Atlanta has long been capital of the American South: A blue haven for weirdos, artists and counterculture in an otherwise conservative corner of the country. After all, Georgia—with its tall oak trees, Spanish moss and mild winters—was founded as a dry colony in 1733. Only as recently as late-2011 did cities and counties have the option to allow alcohol retail sales on Sundays. Even still, restaurants cannot serve, and shops can’t sell, booze till 12:30 p.m. on Sundays. The Southeast, in general, is not the most obvious piping hotbed of microbreweries, what with a combination of heavy religious influence and staunch local and state governments.
But the tide, as they say, is slowly starting to turn. Beer culture in Atlanta started to incubate in the 1990s, with the advent of Atlanta Brewing Company—now called Red Brick Brewing—in 1993 by former Guinness executive Greg Kelly. Shortly after, Decatur’s Brick Store Pub opened and pushed the yeasty envelop, opening hundreds of taps and developing a craft beer buzz in the city. By the end of 2011, the state of Georgia housed a whopping 45 breweries and brewpubs. Now, that number hovers around the mid-50s.
Another barrier lifted for beer culture in Atlanta in July 2015, when new taproom regulations allowed on-site consumption. So, for the first time, patrons could enjoy a brew or two or three without purchasing a brewery tour to go with it. It was a whole new world, honestly. A new thirst for thoughtful beers outside the Corona and Budweiser rolodex pushed restaurants to start offering a wider range of options, some even eventually learned to brewing on-site. So, if you have just a weekend to drink through the city of Atlanta, there’s more than enough to keep you afloat.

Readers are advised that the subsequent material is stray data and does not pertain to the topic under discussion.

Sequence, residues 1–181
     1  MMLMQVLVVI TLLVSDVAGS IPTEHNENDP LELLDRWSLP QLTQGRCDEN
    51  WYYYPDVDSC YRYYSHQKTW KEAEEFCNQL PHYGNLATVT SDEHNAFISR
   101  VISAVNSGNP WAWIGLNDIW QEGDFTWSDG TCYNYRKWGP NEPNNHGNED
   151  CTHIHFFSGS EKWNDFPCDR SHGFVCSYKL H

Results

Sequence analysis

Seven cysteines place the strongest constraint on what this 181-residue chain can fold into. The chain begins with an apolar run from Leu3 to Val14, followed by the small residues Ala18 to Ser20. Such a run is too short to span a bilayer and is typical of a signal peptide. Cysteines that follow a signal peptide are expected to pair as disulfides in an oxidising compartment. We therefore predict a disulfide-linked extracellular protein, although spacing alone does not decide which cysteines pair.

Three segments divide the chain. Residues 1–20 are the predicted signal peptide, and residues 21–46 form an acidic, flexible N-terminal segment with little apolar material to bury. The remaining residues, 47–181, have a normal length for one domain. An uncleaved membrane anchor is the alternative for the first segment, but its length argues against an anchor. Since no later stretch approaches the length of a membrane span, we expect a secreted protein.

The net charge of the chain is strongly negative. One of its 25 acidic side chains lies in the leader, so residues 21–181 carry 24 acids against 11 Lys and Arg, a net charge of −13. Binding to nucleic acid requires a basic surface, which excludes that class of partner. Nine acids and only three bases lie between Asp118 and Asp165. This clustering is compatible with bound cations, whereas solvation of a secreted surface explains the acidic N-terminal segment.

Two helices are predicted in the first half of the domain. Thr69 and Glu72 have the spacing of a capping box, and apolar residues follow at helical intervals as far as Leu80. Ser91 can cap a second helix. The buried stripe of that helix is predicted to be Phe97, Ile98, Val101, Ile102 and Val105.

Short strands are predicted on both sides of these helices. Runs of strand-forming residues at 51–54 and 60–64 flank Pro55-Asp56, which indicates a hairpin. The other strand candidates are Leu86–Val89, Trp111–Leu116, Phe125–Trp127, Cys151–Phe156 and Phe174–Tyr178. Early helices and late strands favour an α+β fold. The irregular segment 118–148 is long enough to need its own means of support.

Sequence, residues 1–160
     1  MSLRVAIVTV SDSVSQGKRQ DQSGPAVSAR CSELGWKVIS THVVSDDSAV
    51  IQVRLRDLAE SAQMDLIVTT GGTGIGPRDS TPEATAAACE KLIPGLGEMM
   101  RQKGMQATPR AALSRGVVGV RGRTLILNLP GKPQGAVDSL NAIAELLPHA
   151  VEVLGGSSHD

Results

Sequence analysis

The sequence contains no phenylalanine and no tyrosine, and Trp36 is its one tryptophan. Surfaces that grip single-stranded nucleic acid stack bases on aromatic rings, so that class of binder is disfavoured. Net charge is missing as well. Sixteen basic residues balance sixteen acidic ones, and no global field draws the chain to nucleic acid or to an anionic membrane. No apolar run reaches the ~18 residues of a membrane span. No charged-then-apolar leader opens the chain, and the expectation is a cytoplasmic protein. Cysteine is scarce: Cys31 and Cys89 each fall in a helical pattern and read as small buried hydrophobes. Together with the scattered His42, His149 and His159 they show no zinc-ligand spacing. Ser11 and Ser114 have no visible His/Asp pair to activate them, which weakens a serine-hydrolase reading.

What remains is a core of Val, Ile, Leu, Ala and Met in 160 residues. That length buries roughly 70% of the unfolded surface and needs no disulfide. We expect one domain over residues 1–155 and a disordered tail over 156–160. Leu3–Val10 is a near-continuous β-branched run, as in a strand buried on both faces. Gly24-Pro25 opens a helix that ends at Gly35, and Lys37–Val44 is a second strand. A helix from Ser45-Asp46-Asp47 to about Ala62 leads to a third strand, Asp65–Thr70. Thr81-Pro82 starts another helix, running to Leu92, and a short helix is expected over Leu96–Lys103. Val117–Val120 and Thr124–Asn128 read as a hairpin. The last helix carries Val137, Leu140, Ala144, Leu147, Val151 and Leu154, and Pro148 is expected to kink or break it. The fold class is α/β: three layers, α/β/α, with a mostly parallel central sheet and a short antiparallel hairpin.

Kick off your Atlanta visit at one of the city’s semi-recent crowned jewels. Nestled in a former antique market in East Atlanta Village, Argosy opened its doors in Spring 2013. A covered patio entrance makes way for its opulent, slightly nautical-themed innards, complete with multi-level seating, high ceilings and exposed wood beams. It’s like sipping brew from the deck of an unearthed, ethereal pirate ship—a feeling likely amplified by Argosy’s highly tattooed staff. It might feel cavernous if it weren’t always so full—from brunch all the way till the post-11 p.m. crew, when the restaurant starts serving a free, wood oven-fired pizza with purchase of two draft beers.
The aesthetic is thoughtfully curated—with DJs playing vinyl records in both the main and the back rooms frequently—but even better is Argosy’s rotating 30-plus tap list. Most of its expansive beer menu is local, with offerings from breweries like Three Taverns Craft Brewing Company in Decatur, Creature Comforts Brewing Company in Athens and Eventide. Get the biscuit plate and pair with a a nice low ABV brew, such as Creature Comforts’ Bibo Pilsner.
If drinking inside is good, then drinking outside is better. Enter the picnic beer and Hop City. In addition to a fully-stocked beer and wine retail shop, Hop City in Krog Street Market also features a full bar tricked out with 60 beer taps, which means you can take your brew to-go while you wonder the space or grab another bite from one of the food vendors. To boot, Hop City slings growlers and employees a truly knowledgeable staff—one who won’t blink an eye when asked what beer pairs best with daytime nachos.